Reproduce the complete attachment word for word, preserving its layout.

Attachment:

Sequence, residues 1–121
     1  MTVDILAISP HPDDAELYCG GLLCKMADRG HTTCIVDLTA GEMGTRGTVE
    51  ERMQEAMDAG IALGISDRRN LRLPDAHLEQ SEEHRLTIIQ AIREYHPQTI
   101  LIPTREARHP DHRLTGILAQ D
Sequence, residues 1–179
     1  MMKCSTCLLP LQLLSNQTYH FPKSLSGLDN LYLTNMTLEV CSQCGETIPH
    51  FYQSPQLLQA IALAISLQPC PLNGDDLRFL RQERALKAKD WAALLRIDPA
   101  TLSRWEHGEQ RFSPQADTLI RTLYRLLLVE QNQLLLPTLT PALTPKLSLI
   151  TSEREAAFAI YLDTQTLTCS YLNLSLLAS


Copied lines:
Sequence, residues 1–121
     1  MTVDILAISP HPDDAELYCG GLLCKMADRG HTTCIVDLTA GEMGTRGTVE
    51  ERMQEAMDAG IALGISDRRN LRLPDAHLEQ SEEHRLTIIQ AIREYHPQTI
   101  LIPTREARHP DHRLTGILAQ D
Sequence, residues 1–179
     1  MMKCSTCLLP LQLLSNQTYH FPKSLSGLDN LYLTNMTLEV CSQCGETIPH
    51  FYQSPQLLQA IALAISLQPC PLNGDDLRFL RQERALKAKD WAALLRIDPA
   101  TLSRWEHGEQ RFSPQADTLI RTLYRLLLVE QNQLLLPTLT PALTPKLSLI
   151  TSEREAAFAI YLDTQTLTCS YLNLSLLAS